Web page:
IA901 2012 Session Three. Neologisms and word class Morphology : the study of word structure Morphology and phonology. A word about your assignment. TUTORIALS Please email me to book a tutorial when you have chosen an essay question (but don’t rush your essay choice).
When reading texts on this module, ask yourself:
Discuss what you read!
Which parts of the chapter on Morphology are most relevant to you as a teacher?
In 90 seconds, list as many words as you can think of which contain the three letters C-A-T together.
Now tick the words on your list that are related in meaning to
And what about: catlike, catfish, catnap, catnip, catwalk
Or: cat’s eyes, cat food, catkin, cat-o-nine-tails
Or even: a game of cat and mouse
Do the hyphens in cat-o-nine-tails make it just one word?
Some people might write “cat food” as two words, some as one? Who’s right?
In spoken English, in the statement “we’ve run out of cat food”, will we hear a boundary between “cat” and “food”? What about when “cat food” appears in an exchange like “No, not dog food. I need cat food!”? Should this affect its status?
Would it help a learner to think of “a game of cat and mouse” as one word?
What do you think of Katamba’s definition of a word as “the smallest unit that syntax manipulates”?
It is a truth universally acknowledged, that a single man in possession of a good fortune must be in want of a wife.
That a single man in possession of a good fortune must be in want of a wife is a universally acknowledged truth.
It is a truth lysaluniverseacdknowledge, that a single man in possioness of a good fortune must be in want of a wife.
It is a truth d universe acknowledge al, that a single man in ion possess of a good fortune must be in ly want of a wife.
Jane Austen, Pride and Prejudice
Pinker, S. (1999) Words and Rules : The Ingredients of Language. Phoenix, pp.24-51
Morphemes can be FREE or BOUND
CATS – 2 morphemes (morphs)
cat = FREE s = BOUND
Here’s something interesting (maybe):
fox, dog, sheep – 3 FREE MORPHEMES
But consider the plural forms:
2 foxes, 2 dogs, 2 sheep
-es and -s in foxes and dogs are BOUND MORPHEMES. They both denote that these are plural nouns. –es and –s are therefore ALLOMORPHS.
Is it helpful to think of the plural form of SHEEP having a ZERO MORPH?
-s and –es have SIMPLE EXPONENCE at the end of nouns. The morph realises a single morpho-syntactic feature (plural)
But consider the following:
-s in The fox wants to eat the sheep. The dog wants to protect the sheep. The sheep wants everyone to leave it alone.
What features are realised by –s in this examples?
The –s has CUMULATIVE EXPONENCE. It realises THREE features…what are they?
(third person, present tense, singular)
internal change (apophony)
How are the mophs –s and –es pronounced?
Scott Thornbury (2005) Unovering Grammar : How to Help Grammar Emerge. MacMillan, p.18
One researcher, for example, found that learners pass through a stage when they tend to attach the ending –ing to action verbs, irrespective of tense. They seem to be using –ingsimply to mark the presence of a verb: I going work by bus; I eating every day Burger King, etc. Clumsy as this may seem, it marks an important step from using purely lexical means to using more grammatical ones. At first the -ingending is applied indiscriminately to all verbs. But over time, the learners in the study started to restrict the use of –ing to certain contexts, and mainly as a marker of ‘pastness’: Yesterday I no working. Other favoured contexts for –ing were in subordinate clauses (He the man who I talking him) and verbal complements, ie constructions where one verb follows another, egI want working and I can doing any job.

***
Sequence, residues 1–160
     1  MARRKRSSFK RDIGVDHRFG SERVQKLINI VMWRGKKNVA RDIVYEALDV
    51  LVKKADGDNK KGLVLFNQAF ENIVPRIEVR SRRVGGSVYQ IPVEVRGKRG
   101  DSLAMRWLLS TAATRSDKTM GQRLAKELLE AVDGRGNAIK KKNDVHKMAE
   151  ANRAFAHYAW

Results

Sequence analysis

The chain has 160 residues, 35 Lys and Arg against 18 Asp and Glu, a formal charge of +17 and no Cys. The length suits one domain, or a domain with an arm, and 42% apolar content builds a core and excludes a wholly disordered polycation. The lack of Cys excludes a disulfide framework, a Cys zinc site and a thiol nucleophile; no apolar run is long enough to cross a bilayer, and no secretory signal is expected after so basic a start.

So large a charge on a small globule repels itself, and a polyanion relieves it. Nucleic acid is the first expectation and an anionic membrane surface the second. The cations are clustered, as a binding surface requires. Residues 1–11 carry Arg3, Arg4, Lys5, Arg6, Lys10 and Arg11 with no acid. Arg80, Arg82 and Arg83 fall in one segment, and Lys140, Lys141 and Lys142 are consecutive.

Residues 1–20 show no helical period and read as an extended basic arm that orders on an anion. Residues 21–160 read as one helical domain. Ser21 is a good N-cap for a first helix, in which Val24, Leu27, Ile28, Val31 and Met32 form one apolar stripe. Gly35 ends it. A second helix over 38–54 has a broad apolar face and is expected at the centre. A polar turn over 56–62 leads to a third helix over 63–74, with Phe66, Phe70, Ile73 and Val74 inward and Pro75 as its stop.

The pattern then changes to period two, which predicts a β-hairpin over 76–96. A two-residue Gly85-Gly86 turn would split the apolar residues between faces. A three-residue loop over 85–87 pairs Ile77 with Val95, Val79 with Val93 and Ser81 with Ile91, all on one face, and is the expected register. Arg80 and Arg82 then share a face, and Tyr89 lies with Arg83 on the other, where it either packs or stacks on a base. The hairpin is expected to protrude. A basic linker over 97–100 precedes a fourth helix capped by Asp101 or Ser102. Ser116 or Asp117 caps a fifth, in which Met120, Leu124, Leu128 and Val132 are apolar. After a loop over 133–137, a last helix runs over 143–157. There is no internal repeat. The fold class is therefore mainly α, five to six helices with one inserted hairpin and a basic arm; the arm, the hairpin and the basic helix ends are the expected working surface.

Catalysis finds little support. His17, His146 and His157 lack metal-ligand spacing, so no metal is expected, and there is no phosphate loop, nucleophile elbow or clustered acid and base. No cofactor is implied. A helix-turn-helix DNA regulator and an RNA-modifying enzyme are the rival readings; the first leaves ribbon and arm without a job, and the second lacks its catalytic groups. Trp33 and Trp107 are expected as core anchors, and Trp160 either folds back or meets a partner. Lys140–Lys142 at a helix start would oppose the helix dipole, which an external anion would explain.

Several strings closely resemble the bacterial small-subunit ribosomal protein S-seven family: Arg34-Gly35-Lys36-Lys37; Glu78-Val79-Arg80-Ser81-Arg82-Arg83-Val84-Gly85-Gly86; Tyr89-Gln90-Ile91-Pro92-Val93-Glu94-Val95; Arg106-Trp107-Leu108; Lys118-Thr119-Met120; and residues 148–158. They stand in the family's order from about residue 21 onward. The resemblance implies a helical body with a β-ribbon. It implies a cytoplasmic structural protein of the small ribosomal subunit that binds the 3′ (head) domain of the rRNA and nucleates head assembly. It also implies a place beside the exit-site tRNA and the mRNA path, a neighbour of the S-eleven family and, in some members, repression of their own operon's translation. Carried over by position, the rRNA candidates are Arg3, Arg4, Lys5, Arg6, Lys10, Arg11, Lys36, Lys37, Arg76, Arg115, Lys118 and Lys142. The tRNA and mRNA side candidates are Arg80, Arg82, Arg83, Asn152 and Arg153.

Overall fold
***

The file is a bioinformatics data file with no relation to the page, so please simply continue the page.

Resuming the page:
Why –ing? The researcher hypothesized that, of all the possible word endings in English, -ingis the most easily identified: it is a whole syllable and it is phonetically simple and regular. As grammaring processes start to emerge, -ing is a convenient tool for flagging ‘verbiness’, or, more specifically, ‘action’. At first, all verbs are flagged. Then the learner starts to discriminate between varying degrees of distance: present and past. The later use of –ing in the more relatively specialised contexts of pastness, subordinate clauses and verbal complements suggests learners are aware of the more grammaticized nature of these contexts and nee dto flag them accordingly. Not yet aware of how these specialized meanings are signalled, they use the all purpose –ing, as if to say “here be grammar”.
In morphology, we can work out the meaning of words we haven’t met before. However, we need to be careful. What’s the meaning of the following words:
- Seeker, writer, driver, cooker, looker?
Noncompositional words are therefore problematic. Consider the unfortunate wording of this sign in a Chinese hotel:
Because conversion is common in English (nouns become verbs and vice versa), syntactic make-up may not reflect syntactic category, e.g. hoover, upmarket
Below are examples from essays by international students in response to a question about the differences between choosing a subject for undergraduate study, and choosing a subject for postgraduate study:
For Pinker, there is no correct answer – “how people pluralize an expression depends on how they tacitly analyse it: as a word or as a phrase”
Can phonology help us to explain the morphological features of English at work in these examples?
How can we classify the morphemes from which these words are formed? How helpful is this classification?